What to do with these monstrosities.
By now I’ve reached a conclusion that unfair use of these unspoken assertions results in a barrier to communication. I want to respect people, to treat everyone equally. It’s frustrating when I’m dealing with people who dismiss my point of view because of some dogma rather than on the merits of my own assertions. It’s even more frustrating when people reach to accuse me of failings without even bothering to ask if I have them first.

All hope isn’t lost though. I have had meaningful conversations with Christians and other people of faith that did not resort to some dismissive doctrine. And I’d actually like to thank them for being respectful of my ideas. Hopefully as things move forward, more and more people will see that engaging people is more productive than refusing to come out of one’s intellectual shell.

Some of these assertions cannot be avoided. But by recognizing that someone is coming from a point of view that listens first, reasons second, and expresses an opinion based on objective evidence third, it can mitigate some of the hurt feelings that come from an honest discussion.

5 thoughts on “The Elephant in the Room

  1. I am religious with a faith based on the Christian tradition, but I believe that atheism is a valid philosophy, with as much worth as my own.

    I find myself attacked from both sides whenever I come to the defence of the one side over an outrageous claim made by the other. Many atheists tell me that if I have a faith based on the Christian tradition, it’s necessary for me to believe that the bible is THE word of God, because apparently my “sky daddy” says so, and quote bible passages to back up their claim. This is almost the same argument as some Christians use. Neither side seems to be able to accept that it doesn’t have to be an “either or” situation. It saddens me that there is so little tolerance and acceptance of those who hold different beliefs.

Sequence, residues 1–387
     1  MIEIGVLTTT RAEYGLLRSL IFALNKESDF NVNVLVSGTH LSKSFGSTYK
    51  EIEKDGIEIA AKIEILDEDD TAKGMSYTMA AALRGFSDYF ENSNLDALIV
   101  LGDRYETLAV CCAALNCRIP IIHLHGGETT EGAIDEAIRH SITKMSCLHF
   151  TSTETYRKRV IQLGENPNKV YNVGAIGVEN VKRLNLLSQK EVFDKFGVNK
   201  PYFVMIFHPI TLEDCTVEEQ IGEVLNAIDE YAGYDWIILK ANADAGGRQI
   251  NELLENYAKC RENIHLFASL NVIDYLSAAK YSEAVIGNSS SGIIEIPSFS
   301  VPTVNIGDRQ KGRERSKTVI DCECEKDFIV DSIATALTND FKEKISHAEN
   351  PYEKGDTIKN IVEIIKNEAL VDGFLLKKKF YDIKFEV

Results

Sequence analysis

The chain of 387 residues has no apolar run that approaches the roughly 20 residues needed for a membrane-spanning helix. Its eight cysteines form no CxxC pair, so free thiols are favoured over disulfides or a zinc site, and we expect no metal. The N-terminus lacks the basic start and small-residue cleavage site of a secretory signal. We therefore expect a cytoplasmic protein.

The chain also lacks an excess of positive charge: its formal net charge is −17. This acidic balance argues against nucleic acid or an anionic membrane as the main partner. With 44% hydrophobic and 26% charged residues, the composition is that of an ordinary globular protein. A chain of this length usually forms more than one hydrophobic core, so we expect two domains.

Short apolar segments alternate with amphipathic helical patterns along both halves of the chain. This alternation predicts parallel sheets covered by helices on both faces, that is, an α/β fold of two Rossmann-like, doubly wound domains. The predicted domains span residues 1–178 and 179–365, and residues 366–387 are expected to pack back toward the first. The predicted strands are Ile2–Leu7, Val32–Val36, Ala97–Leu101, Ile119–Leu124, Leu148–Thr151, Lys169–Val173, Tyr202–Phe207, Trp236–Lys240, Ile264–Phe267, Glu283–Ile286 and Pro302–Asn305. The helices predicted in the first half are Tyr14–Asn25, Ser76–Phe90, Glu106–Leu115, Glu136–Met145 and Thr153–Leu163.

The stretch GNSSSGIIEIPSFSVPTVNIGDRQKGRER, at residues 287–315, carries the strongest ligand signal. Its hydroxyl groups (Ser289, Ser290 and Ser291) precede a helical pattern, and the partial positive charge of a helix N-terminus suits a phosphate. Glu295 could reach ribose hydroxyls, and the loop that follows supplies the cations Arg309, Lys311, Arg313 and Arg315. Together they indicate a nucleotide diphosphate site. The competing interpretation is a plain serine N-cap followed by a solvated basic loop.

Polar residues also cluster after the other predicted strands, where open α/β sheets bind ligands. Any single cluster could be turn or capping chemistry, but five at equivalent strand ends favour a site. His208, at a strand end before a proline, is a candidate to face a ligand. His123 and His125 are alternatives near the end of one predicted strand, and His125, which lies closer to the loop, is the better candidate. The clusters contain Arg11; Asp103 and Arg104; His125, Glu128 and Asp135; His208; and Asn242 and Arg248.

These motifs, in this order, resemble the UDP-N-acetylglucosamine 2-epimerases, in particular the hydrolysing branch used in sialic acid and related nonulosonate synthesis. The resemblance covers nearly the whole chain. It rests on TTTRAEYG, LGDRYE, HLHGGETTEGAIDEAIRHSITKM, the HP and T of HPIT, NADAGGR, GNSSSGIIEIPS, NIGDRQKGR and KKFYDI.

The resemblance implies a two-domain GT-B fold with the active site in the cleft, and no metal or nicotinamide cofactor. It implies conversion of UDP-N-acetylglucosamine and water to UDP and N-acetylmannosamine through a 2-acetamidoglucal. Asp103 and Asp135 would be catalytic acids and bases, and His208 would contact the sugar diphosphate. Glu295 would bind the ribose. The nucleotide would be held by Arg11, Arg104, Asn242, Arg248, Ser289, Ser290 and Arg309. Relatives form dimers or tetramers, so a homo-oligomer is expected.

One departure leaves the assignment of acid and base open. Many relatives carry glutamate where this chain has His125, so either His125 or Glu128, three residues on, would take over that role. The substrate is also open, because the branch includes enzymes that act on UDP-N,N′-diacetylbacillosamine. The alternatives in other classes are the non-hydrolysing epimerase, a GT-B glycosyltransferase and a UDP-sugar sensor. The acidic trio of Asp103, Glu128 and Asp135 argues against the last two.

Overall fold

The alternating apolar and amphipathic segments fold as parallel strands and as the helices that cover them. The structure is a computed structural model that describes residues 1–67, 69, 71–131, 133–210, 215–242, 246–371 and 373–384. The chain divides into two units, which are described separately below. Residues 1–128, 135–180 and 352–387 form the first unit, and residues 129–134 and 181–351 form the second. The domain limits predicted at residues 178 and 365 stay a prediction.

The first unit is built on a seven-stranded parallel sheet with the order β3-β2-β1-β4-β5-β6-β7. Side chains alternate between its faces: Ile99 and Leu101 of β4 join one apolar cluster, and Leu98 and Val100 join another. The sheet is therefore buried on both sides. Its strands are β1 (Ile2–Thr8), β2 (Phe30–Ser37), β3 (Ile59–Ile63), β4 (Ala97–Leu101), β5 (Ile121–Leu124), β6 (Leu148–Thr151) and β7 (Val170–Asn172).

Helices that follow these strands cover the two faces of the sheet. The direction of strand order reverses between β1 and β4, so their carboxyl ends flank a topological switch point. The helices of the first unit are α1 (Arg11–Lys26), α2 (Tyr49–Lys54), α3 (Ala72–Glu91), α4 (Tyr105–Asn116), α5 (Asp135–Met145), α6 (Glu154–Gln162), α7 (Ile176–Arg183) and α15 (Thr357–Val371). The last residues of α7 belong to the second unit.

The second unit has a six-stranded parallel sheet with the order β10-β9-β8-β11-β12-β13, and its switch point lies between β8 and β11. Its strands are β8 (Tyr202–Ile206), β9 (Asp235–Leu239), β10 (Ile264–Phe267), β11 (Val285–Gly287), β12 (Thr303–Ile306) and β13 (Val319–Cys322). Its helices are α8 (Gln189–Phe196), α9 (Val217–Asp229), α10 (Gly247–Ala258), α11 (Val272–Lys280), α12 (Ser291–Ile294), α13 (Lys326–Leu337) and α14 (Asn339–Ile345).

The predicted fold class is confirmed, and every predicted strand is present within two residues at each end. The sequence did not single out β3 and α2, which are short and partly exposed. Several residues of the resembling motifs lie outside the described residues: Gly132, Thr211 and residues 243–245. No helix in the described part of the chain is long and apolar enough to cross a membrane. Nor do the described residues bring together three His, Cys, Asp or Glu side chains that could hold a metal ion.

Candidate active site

• I agree that there is little tolerance and acceptance of different beliefs. It’s difficult to separate the idea from the person holding it, and attacks against the idea can take on personal character assaults.

      With regards to statements made about the Bible, I thank you for bringing up that point. If one believes the entire Bible, then others can bring up uncomfortable verses and dare them to defend them. If one believes in an amalgamation, then there is usually a follow up statement of “you’re a bad Christian.” Either way, the argument does little to actually further an Atheist viewpoint and seeks only to frustrate others. And, from the converse side, the Christian view on Biblical infallibility is commonly used to marginalize those who do not share it – Atheists and Christians alike, I might add.

      But, Lutheran habits in me are not easily slain, and now I must try to provide some good news along with discussing the bad news. The fact that we can have this particular conversation is a great sign that respect for people can happen, no matter what the philosophical underpinnings of that respect are.

      Thanks for stopping by, Barry!

  2. From my own experience the concept of biblical infallibility is not widely held in this part of the world, and in hindsight that may be why discussion with mostly American atheists has not always been fruitful.

    One other observation that has just occurred to me is that the most strident atheists I have encountered have come from evangelical or fundamentalist church backgrounds, where religious independence was discouraged. This may explain their hostility to anyone who claims a religious affiliation.

    • I think coming from a fundagelical background is a factor in open hostility. There’s a good friend of mine that I’ve known for over a decade now who came from such a background, and he was very quiet about his lack of faith. I’ve also known one vocal Atheist who never had any faith. What I’d be most interested in is to see if there’s a link between vocal Atheists and Christians in their background.

      Perhaps they’re just people who like to hit other people with their ideas instead of discussing them like civilized persons. Or it could just be that we here in the States foster an environment that is more adversarial than is found elsewhere.

      • I get the impression that there is a more adversarial environment in the U.S. than many other places. It seems that Americans tend to see things in black and white instead of infinite shades of grey. Just a personal experience, so it’s quite likely inaccurate.